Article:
Why does Advanced Disposal support EREF?

I don’t think EREF is charity. Personally, as a CEO or a leader in the waste industry, I think [EREF] is a strategic investment. We’re investing in the future of our business. It’s not charity; it’s truly an investment that we’re making into some of the most important assets within our company.

Simply put, EREF is about science, education, real data and scholarships, and its mission completely dovetails into our business … When we look to the future of EREF, I think the first 25 years have been important—we set a great footprint and a great start. But the next 25 years could be even more important than the first.

Good science and research will be essential to help our industry tackle challenges, climate change, PFAS [per- and polyfluoroalkyl substances] and continued challenges around leachate treatment and gas management. EREF serves our industry well, and it’s a smart investment now and even a greater investment in the future.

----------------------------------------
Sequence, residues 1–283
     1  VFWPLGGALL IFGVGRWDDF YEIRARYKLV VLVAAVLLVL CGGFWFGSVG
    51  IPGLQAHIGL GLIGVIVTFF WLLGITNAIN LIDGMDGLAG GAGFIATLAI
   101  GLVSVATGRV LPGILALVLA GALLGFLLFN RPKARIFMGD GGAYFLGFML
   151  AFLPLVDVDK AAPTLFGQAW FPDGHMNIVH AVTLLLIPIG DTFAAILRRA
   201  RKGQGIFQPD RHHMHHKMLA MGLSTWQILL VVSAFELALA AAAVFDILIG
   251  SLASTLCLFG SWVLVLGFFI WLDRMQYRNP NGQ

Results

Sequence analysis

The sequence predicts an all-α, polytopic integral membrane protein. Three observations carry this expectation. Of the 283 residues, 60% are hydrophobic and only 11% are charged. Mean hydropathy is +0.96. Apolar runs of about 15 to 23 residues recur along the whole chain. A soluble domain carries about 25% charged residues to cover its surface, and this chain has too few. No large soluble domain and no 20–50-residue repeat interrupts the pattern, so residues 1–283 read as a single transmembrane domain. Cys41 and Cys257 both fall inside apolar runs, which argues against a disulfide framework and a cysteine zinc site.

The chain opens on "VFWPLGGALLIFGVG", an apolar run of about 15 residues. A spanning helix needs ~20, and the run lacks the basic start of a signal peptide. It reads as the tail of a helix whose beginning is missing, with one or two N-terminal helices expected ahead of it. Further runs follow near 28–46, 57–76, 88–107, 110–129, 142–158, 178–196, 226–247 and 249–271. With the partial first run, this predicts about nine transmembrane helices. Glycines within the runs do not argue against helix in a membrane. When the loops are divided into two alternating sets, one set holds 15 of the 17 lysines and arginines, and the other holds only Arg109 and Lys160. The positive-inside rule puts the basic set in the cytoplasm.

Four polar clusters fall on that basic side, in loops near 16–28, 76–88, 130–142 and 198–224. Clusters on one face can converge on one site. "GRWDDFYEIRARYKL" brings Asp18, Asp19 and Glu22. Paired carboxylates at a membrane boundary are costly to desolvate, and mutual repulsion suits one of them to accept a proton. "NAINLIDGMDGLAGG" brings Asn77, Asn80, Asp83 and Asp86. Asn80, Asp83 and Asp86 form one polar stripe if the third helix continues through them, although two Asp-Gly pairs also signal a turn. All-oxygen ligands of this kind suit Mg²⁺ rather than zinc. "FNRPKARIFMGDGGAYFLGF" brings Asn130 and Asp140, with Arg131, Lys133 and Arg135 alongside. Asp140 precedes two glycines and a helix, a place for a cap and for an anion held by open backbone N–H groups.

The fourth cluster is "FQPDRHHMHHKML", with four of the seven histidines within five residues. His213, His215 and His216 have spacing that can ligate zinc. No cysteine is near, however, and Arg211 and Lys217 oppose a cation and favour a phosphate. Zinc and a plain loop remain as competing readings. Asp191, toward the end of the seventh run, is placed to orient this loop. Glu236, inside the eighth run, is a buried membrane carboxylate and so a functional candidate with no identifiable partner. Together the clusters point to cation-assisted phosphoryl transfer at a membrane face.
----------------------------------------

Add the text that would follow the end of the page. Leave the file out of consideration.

Jon Vander Ark, president of Republic Services

Why does Republic Services value philanthropy?

Republic Services strives to be a good neighbor and doing so goes far beyond delivering superior customer service and environmental compliance. It requires a commitment to the vitality of the entire community. Through partnerships with local nonprofits, Republic Services is committed to making a meaningful and sustainable impact in the neighborhoods where our employees and customers live and work.

Industry Leaders Discuss Charity’s Role in the Waste Industry

Why does Republic Services support EREF?